Not A Love Letter: Di Fara Is Home To New York City's Junkiest Pizza Slice

"This is New York's best pizza, bruh!" exclaimed one self-proclaimed expert and Di Fara diehard as he carried a $28 cheese pie to his table in the cramped Midwood institution. As the superlatives continued, I surveyed the joint, observing obvious evidence to the contrary. Cans of Filipo Berio olive oil, notoriously bland and low-quality industrial junk, sat in the prep area. Owner Dom DeMarco grated Grande brand mozzarella from a block — each flaccid shaving was an affront to nature and dairy. The basil was plucked straight out of its transport box and trimmed, unwashed, onto every pie. The oven was opened and closed repeatedly, causing temperature fluctuations that wreaked havoc on the pizzas within.

Nothing seemed to indicate we were about to experience pizza nirvana, and the clear — blatant — display of squalid ingredients registered somewhere between disheartening and repugnant. Yet DeMarco and his family-run pizzeria have been praised by critics and clients, from Bourdain to de Blasio and customers queue, often for hours, for a taste of what they are told is the best of the best.

It was a chorus of critics that whipped diners into a frenzy about Di Fara in the first place. When the pizzeria was first lauded by Eric Asimov in the New York Times back in 2001, the pizzeria was pulled out of relative obscurity and more positive reviews rolled in. One and a half decades later, Di Fara is now a full-blown NYC institution and has the framed accolades, passionate clientele and escalating prices to prove it.

Institution status at Di Fara was achieved not on the pies alone. The pizzeria's success hinges largely on its story. At Di Fara, the story revolves around proprietor Don DeMarco, who rarely takes a day off, makes all the pizzas himself and shuffles into the back to fetch dough for each order. Articles and TV shows have cast him as a perfectionist with a slavish devotion to tradition and quality. Yet his poor choice of ingredients and disappointing pizzas seem to suggest otherwise.

But Dom's lazy sourcing and banal product has somehow transcended criticism. Journalists and bloggers perpetuate his mythology, telling his story ad nauseum (hey, here's a documentary, here's the Times covering its slice price $5) and drawing attention away from the food's shortcomings. Pizza tourists who cling to articles and blog posts live to collect experiences like Di Fara. That is, they thrive on the feeling of exclusivity associated with waiting in lines. Judging from Di Fara's popularity and nearly universal appeal, most diners are ill equipped to discern truly high quality ingredients from what DeMarco uses.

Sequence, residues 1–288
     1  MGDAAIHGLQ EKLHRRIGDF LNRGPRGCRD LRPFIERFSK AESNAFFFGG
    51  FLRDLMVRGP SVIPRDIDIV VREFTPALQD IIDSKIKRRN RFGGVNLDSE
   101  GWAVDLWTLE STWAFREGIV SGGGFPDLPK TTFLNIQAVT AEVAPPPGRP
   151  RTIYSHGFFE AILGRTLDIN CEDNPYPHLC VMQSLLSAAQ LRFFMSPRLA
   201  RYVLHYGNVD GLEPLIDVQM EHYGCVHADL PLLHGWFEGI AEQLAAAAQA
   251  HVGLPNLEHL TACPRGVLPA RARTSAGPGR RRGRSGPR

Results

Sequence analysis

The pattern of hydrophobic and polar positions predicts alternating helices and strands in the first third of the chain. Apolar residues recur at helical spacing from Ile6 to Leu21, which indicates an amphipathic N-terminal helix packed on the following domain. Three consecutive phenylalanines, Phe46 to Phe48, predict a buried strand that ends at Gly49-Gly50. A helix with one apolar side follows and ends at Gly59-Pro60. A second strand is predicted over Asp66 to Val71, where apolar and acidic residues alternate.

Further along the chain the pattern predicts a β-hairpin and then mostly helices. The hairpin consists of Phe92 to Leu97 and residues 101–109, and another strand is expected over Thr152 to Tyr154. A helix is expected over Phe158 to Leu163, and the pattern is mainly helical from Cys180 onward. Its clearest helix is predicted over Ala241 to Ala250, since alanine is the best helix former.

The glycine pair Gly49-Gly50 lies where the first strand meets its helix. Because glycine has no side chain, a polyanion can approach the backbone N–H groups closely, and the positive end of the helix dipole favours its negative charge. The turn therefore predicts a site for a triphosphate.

The pizzas we tried confirmed that even a six-decade veteran can't transform industrial toppings and ordinary flour into spectacular pizza. Those "Made in Italy" ingredients everyone gets so worked up about aren't actually any good. After all, San Marzano is not necessarily synonymous with quality. In pizza making, if you start off with poor quality ingredients, the final product is doomed. Indeed, at Di Fara, the sloppy crust made from Italian flour ranges from overcooked and chalky to chewy and insipid. The meat toppings are ordinary. But the cheese was the most terrifying part. With each bite, the grease from both the melted mozzarella and Berio's sub-par oil hit my palate, coating it with a bland viscosity. This was immediately followed by the liberally salted tomato sauce; its straightforward savory note was the only thing that made the pizza a slight notch above edible. But by the second slice, the grease from the pizza had soaked through the dough, leaving it flabby and dull.

The oil slick caused by the three-cheese cocktail that tops each pie (cow's milk mozzarella, buffalo mozzarella and either grana padano or parmigiano reggiano depending on who you talk to) — not to mention the difficulty with which it is digested — makes Di Fara pizza boring at best, and at worst a Q express train ride to stomach cramps. After three slices and two whole pies (costing $75), we were full, but not sated, and needed a well-made, crisp-crusted, fairly priced pie (or two) to get our minds off the great Di Fara disappointment. So we drove directly to Best Pizza in Williamsburg. Over slices of a properly made cheese pizza served by a polite staff in a clean environment, Di Fara's flaws seemed even more egregious. But for Di Fara's fans, ignorance is oily bliss.

Di Fara

1424 Avenue J, New York, NY 11230


Best Pizza

33 Havemeyer St

Brooklyn, NY 11211


Katie Parla, a New Jersey native, writes about food, drinks and travel for the New York Times and Australian Gourmet Traveller and is the author of the blog She splits her time between Rome, Istanbul and the Tri-State Area.

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